You Could Call It the Wonk Wing

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When the staff and actors of The West Wing TV show mingled with the staff of the real West Wing at last month's White House correspondents' dinner, it wasn't all just idle chatter. For instance, Gene Sperling, head of the National Economic Council and Washington's uber-wonk, sought out executive story editor Lawrence O'Donnell to talk about an episode involving the Federal Reserve chairman. Secretary of State Madeleine Albright marched up to Patrick Caddell, once the right hand of Jimmy Carter and now a consultant for the show, and told him how much she liked the India-Pakistan episode. "She said it was one of the best expositions on foreign policy on TV that she'd seen," recalls Caddell.

As the NBC ensemble drama heads to its season finale next week (Wednesday, 9 p.m. E.T.), creator and writer Aaron Sorkin has proved that dealing with public policy doesn't mean ratings hell. The characters--President Josiah Bartlet, a liberal Democrat played by Martin Sheen; chief of staff Leo McGarry, played by John Spencer; and a clutch of earnest young staff members--have wrestled with school vouchers, the Pentagon's "Don't ask, don't tell" policy on gays, even the debate over using statistical sampling to improve the Census. "Make the Census interesting, who'd have thought?" says (real) White House spokesman Joe Lockhart. The West Wing has become our national civics lesson.

Not only are the program's wrangles topical, but they also hew closely to the actual debates in Washington instead of giving us Hollywood's usual cartoon version. That's not out of civic obligation, the showmen insist, it's just that reality is entertaining. "The farther you get away from the truth of those debates, the softer the drama is going to be," says Sorkin, who also created and writes the ABC series Sports Night. For a political edge, he relies on consultants like Caddell and former Clinton press secretary Dee Dee Myers, who describes Sorkin's approach as "Give me a really boring issue and let's have a fight about it." But, notes O'Donnell, because the scenes work only if the audience understands the conflict, "you get a better chance to hear each side of the argument than you do on most political argument shows." O'Donnell should know: he's a former Senate staff member, currently a regular on The McLaughlin Group.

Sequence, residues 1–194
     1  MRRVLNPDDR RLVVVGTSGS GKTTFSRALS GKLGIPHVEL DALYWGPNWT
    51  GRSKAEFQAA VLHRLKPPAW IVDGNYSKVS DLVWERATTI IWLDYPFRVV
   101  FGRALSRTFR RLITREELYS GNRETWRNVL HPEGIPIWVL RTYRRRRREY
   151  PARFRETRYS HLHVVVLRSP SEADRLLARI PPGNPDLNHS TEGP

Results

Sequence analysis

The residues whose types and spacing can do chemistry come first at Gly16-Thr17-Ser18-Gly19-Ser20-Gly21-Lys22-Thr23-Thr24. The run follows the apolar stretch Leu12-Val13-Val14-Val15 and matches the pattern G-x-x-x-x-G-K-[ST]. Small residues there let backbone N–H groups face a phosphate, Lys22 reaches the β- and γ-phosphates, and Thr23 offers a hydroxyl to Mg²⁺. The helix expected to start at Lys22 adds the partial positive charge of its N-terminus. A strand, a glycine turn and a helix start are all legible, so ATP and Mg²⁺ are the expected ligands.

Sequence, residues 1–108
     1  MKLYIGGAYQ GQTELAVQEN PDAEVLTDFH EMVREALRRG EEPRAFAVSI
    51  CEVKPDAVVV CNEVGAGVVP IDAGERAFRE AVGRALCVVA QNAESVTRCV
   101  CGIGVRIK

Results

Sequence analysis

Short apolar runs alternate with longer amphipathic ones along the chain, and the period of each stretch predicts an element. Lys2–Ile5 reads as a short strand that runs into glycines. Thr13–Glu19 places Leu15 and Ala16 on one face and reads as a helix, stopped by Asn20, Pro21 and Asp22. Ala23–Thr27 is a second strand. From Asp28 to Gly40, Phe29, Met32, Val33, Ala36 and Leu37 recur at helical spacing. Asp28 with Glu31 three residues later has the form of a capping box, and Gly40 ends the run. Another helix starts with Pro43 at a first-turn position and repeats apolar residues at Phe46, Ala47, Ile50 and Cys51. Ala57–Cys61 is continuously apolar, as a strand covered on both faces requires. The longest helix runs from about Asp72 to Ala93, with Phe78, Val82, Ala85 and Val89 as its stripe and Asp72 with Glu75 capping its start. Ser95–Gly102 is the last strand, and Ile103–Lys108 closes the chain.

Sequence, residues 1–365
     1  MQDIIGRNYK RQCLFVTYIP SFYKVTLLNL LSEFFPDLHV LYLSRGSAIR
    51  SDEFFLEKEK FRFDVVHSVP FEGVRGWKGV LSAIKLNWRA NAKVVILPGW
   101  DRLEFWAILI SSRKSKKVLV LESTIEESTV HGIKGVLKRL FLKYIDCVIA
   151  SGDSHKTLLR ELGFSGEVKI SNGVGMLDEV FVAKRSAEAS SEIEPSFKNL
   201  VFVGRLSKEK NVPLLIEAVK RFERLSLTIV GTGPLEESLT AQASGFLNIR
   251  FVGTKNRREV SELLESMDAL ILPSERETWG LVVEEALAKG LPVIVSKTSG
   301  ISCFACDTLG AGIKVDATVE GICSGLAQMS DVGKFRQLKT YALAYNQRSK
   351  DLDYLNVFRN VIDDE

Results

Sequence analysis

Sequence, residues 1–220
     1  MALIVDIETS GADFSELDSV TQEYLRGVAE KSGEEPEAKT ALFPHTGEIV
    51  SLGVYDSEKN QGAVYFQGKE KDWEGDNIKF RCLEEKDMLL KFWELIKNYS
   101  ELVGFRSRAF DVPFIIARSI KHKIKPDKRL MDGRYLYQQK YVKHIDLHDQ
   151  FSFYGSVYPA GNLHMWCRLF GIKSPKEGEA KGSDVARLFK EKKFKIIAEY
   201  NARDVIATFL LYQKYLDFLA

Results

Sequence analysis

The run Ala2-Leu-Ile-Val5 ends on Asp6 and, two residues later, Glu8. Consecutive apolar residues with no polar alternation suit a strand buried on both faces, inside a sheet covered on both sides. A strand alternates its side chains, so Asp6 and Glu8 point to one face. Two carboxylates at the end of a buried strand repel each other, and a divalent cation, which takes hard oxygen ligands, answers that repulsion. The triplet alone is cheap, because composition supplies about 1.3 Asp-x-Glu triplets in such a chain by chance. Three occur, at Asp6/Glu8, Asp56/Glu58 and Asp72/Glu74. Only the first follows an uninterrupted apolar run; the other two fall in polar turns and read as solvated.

In the capital last week for final outdoor shooting, the cast took a victory lap around town that tangled the lines between fiction and reality. They went to the White House to have their pictures taken with their real-life counterparts, stopped at the New York Times's Washington bureau, and Allison Janney, the 6-ft. actress who plays press secretary C.J. Cregg, stood on the podium to open Lockhart's midday briefing. The show even got a validating blast from Republican House leader Tom DeLay, who--while admitting he's never watched it--declared it displays "disdain for [religious] faith." A cheap shot, ripostes Sorkin, about a violence-free series that idealizes public service.

Except at the DeLay residence, though, the show has become a D.C. mainstay. Last week when Bradley Whitford, who plays deputy chief of staff Josh Lyman, was having lunch on Capitol Hill with an old friend, half a dozen lobbyists stopped by to drop off business cards and offer ideas for future plot lines that favor their clients. The staff of Michigan Representative John Conyers helpfully sent along 200 pages of material on the issue of paying reparations to black Americans as compensation for slavery--a topic that figured in an earlier episode.

The life-imitates-art moments have become more commonplace. Last month, while sitting in the Oval Office monitoring a briefing session with Clinton and his Mideast advisers, chief of staff John Podesta jokingly slipped a note to Lockhart that read, "If this were West Wing, C.J. wouldn't be at this meeting." NBC has realized that the show's verisimilitude can pay off. Because of its edu-content, teachers have given the show high marks, and NBC has distributed West Wing study guides to high schools. Sorkin says he's already looking to hire some conservatives--to give the scripts an even sharper edge and not, he insists, to deflect fire from right-wing critics. Still, if the real White House should change parties in January, it couldn't hurt to have card-carrying Republicans on the staff. That too is reality.